Expat Life

On Being Homeless, Yet Still Owning A Home

The number one thing I didn’t think about when I agreed to move overseas – living arrangements are going to get awkward…for a long, long time.

First, we had to live in our practically empty house for two weeks sleeping on couch cushions on the floor. This was okay because I knew it was just for a couple of weeks and then our house would close and the movers would pack our stuff to get sent to London. We’d then spend the next two weeks staying in a cheap hotel, before we took ourselves to London.

But then the house didn’t sell. And it was too late to cancel the movers. So I found myself paying for a hotel room, even though I still owned a perfectly good house. The icing on the cake was that our hotel turned out to be dreadful.

On Being Homeless, Yet Still Owning A Home

On Being Homeless, Yet Still Owning A Home

Looks like any other cheap hotel room, right? What you can’t see in the picture is the smell of body odor, wet cigarettes, and stale Chinese food that when combined smell a whole lot like death. Lexie and I would take our showers at night and wrap our hair around our noses so we could get to sleep. Not to mention, I was paranoid every time I left the hotel that the smell would follow me wherever I went.

I maybe, maybe could have gotten past the smell if it weren’t for the noise. The people above us only slept from midnight until 4am and every other minute of the day it sounded like they were dropping bowling balls on the floor above our beds. After four days, I couldn’t take it anymore. I did what I positively hate doing, and asked someone for help.

My good friend, Andrea, so very generously offered us her home to stay in until we leave on May 23rd. Anything would be an upgrade from the hotel we were at, but living in Andrea’s house is like living in a model home in a fancy neighborhood.

On Being Homeless, Yet Still Owning A Home

On Being Homeless, Yet Still Owning A Home

And it comes with a bonus – our very own puppy to play with! A few days after we moved in, Andrea and her husband left on vacation, so we got the good fortune of dog sitting while they’re gone. Lexie’s in heaven – she comes home from school and spends the next hour playing fetch with Foster. They even sleep together at night. I think London may have lost a little appeal now since our flat won’t come outfitted with a puppy.

On Being Homeless, Yet Still Owning A Home On Being Homeless, Yet Still Owning A Home

In other news, my parents had to, once again, come bail me out of a tough spot. Cory has been traveling back and forth from London to Tennessee since March. Thankfully he will be coming back tomorrow and not leaving until we all go, but his last stint in London was three weeks long. Long enough for our yard to get completely out of control. So my parents came in and while dad mowed the yard, and I pulled weeds, my mom and Lexie planted our first flower beds at the house. This is our third house that has had flower beds planted just for curb appeal when it came time to sell. I am not a flower person. I hate anything that needs to be watered regularly. But hopefully this will appeal to prospective buyers because we need this house sold pronto!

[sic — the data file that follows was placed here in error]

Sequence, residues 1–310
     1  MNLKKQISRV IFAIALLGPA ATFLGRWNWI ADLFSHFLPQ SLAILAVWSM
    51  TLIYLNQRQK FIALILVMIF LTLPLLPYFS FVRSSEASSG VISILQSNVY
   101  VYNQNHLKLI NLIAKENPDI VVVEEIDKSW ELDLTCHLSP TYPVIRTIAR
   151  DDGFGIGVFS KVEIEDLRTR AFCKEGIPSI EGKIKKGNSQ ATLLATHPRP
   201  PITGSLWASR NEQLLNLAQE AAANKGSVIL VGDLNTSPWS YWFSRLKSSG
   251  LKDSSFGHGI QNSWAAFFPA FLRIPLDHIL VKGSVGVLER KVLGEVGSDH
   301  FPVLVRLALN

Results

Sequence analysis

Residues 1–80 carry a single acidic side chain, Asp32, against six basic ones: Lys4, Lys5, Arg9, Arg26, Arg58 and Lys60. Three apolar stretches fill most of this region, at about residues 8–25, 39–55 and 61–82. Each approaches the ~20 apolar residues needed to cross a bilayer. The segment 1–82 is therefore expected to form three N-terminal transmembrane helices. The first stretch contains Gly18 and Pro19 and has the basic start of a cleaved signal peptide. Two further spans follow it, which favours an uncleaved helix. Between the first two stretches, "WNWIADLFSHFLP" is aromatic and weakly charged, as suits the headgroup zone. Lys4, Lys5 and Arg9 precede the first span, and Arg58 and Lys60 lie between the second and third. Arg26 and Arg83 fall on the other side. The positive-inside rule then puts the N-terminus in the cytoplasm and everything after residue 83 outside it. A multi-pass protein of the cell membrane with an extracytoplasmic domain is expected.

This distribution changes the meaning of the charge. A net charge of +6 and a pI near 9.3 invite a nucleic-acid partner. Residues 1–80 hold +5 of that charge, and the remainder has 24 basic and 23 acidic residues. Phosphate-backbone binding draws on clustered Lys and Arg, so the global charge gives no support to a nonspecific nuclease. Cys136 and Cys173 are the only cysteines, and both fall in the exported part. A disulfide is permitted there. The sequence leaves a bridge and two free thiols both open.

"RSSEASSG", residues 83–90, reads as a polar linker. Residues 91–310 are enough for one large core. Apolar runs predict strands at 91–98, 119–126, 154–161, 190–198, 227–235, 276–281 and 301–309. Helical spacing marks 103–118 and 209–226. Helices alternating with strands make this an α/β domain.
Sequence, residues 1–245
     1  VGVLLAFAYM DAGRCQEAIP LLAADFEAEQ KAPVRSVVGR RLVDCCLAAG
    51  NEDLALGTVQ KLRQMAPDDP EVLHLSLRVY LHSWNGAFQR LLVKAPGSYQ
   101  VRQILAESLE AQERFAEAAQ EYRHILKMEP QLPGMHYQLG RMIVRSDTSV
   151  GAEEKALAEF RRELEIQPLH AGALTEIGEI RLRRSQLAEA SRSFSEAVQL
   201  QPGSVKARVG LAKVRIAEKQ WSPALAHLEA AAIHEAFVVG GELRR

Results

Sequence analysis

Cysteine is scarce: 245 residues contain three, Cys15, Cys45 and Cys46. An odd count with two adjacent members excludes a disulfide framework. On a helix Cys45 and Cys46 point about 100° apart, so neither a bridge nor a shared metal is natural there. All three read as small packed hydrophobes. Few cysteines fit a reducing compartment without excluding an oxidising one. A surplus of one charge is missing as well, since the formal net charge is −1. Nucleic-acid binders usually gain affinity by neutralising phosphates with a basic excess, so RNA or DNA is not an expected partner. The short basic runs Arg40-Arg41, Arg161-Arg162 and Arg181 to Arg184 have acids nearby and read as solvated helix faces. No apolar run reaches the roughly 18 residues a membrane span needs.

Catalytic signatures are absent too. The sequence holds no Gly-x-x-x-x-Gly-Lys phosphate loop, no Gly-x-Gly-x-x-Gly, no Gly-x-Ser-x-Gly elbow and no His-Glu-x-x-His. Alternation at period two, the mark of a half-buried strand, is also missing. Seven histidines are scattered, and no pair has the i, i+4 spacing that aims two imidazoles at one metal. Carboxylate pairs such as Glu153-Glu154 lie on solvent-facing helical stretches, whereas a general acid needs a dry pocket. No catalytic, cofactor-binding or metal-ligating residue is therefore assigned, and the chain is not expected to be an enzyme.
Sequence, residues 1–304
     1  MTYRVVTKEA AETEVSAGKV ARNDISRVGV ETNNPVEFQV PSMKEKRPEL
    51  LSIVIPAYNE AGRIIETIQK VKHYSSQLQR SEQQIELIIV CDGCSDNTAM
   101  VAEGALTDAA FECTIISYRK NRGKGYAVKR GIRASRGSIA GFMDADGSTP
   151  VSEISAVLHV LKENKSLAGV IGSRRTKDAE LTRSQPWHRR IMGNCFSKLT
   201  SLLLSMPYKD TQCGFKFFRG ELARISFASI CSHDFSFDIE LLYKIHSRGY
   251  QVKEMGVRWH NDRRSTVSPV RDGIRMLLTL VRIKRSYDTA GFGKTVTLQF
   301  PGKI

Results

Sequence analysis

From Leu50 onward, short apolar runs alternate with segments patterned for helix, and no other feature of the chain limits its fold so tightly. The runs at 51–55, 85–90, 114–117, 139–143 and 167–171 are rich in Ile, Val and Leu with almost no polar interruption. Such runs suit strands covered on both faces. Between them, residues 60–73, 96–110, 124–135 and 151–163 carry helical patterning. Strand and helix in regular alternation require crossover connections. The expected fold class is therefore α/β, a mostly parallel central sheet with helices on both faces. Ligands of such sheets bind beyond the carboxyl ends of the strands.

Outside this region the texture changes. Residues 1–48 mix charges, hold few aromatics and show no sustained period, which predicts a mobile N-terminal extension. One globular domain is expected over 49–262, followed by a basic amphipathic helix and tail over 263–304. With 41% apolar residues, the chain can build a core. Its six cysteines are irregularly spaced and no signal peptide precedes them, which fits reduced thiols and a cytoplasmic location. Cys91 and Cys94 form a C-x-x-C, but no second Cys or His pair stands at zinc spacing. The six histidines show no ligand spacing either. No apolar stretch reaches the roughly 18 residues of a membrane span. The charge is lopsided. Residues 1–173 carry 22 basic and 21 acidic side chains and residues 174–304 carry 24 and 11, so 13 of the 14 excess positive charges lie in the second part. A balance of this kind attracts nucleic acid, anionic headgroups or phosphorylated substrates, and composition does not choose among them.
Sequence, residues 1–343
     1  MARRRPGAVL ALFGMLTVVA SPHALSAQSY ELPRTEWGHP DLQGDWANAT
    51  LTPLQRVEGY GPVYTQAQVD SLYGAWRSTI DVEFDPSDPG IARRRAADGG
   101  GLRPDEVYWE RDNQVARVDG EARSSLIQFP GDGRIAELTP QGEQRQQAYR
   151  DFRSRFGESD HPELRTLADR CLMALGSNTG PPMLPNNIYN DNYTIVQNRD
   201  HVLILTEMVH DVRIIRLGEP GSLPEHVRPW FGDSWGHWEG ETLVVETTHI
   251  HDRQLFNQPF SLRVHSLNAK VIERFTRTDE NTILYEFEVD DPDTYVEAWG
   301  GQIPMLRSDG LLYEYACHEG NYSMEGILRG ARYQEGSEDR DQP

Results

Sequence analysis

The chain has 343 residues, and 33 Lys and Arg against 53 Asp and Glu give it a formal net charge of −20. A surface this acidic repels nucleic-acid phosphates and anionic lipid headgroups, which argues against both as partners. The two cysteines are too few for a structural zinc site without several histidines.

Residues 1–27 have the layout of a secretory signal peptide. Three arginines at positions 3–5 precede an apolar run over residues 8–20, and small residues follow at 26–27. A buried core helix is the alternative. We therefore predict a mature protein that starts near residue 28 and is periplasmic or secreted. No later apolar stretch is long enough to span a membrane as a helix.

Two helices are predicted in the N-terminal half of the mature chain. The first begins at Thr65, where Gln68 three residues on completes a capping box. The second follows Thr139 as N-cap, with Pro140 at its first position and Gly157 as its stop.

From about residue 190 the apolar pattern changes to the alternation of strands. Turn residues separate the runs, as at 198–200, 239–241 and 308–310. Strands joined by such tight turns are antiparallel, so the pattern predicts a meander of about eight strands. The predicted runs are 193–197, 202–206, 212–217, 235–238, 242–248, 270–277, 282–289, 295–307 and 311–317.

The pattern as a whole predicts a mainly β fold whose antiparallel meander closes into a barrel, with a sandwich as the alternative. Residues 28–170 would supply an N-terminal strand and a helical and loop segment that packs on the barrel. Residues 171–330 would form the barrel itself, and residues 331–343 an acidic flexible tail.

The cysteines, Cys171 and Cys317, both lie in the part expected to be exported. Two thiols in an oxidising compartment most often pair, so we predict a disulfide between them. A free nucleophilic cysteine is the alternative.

On Being Homeless, Yet Still Owning A Home On Being Homeless, Yet Still Owning A Home

The other big thing we took care of was rehoming the hens. They’ve moved about a half mile down the street and seem to be adjusting okay to their new home. It’s not too much different than their previous digs, just a little smaller. I visit every week, but I’m afraid they’ve already forgotten who I am. The coop is awfully empty without them in it.

On Being Homeless, Yet Still Owning A Home

This time next week we will already be in London. I’m excited, of course, but also a little reluctant to leave without a plan for our house situation. It would be the biggest blessing to have a new contract on it before we left, but I’m trying not to get my hopes up. If it doesn’t sell, we may just turn into international landlords.

Anyways, with lots to do still before we go, I likely won’t be around much until we are at least semi-settled into our temporary flat. Our first thirty days in London will be spent researching areas to live, choosing a school, and then finding a flat. It’ll be busy! I just cannot wait to set foot in Heathrow airport next week and start exploring our new home for the next three years!

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